Wednesday, November 14, 2018

Fifth Annual Social Mobility Index (SMI) Highlights Performance and Pitfalls as Attention to Social Mobility Grows Among US Colleges and Universities

The 2018 Social Mobility Index (SMI) -- a measurement of US higher education's commitment to growing opportunity and success for economically disadvantaged students -- has identified several consistently high-ranking institutions, based on how effectively they are helping low-income students attend college and graduate into well-paying jobs.

“Unlike other college rankings that are aimed primarily at helping students select a college,” says Jim Wolfston, CEO of CollegeNET, “the SMI helps policymakers determine which colleges are addressing the national problem of economic mobility. Administrators have a better chance to help strengthen US economic mobility and the promise of the American Dream if they can identify and learn from colleges that are skilled at doing this.”

According to the 2018 SMI, several such leading institutions include:
  • Baruch College, which ranked #1 in the SMI for the fourth consecutive year
  • UC and CSU schools, which dominated the rankings, accounting for more than half of the SMI top 20 for the second consecutive year
  • The CUNY System in New York City, which placed five schools in the SMI top 20

The 2018 data also highlighted pitfalls for universities looking to improve their social mobility. From the 1,350 schools benchmarked in 2018:
  • Seventeen schools now charge higher annual tuition than their graduates’ median five-year salary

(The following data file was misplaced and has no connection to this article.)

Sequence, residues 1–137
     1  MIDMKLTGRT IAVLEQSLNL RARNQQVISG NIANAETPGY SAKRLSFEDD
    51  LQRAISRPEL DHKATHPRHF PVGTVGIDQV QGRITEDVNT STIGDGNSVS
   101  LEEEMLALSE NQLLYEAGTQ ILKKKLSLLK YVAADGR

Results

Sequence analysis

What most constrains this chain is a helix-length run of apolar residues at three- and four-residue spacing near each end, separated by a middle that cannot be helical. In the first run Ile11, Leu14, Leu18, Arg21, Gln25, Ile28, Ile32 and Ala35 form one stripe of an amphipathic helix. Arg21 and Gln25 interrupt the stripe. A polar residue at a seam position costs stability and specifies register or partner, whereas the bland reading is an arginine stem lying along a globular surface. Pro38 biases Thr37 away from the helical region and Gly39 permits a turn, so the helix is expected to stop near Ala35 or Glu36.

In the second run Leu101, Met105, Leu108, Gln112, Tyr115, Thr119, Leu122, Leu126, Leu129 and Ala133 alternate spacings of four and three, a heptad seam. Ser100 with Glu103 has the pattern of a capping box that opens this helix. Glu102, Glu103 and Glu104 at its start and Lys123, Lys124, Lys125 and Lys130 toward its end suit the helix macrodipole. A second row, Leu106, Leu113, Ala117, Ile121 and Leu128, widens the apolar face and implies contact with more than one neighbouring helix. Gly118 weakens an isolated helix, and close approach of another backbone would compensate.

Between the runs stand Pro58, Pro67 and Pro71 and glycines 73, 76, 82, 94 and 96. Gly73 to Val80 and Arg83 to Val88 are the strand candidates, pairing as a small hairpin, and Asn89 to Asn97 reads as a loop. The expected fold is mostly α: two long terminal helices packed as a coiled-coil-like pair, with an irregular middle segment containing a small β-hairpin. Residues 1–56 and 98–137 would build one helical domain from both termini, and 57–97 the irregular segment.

• At least 50 institutions award over half their Pell Grants to richer families
  • The percentage of Pell Grants awarded to richer families has continued to climb

“Higher Education is the most important asset in the Learning Age,” says Wolfston. “If we can distribute this vital asset across the economic spectrum, we can optimize our nation’s human capital development, prepare the next generation for citizenship and ensure social and economic opportunity. Most importantly, by rejecting the current trend toward on-campus economic homogeneity, a higher education institution can offer its students the chance to encounter a more challenging mix of people with diverse ideas, perspectives and backgrounds. Collisions with the unexpected and unfamiliar are what best sharpen and prepare innovative minds. Thus, economic inclusion is not only a solution to a social justice issue, it is an optimizing strategy for training tomorrow’s innovators.”

For more information about the SMI and the 2018 SMI rankings, visit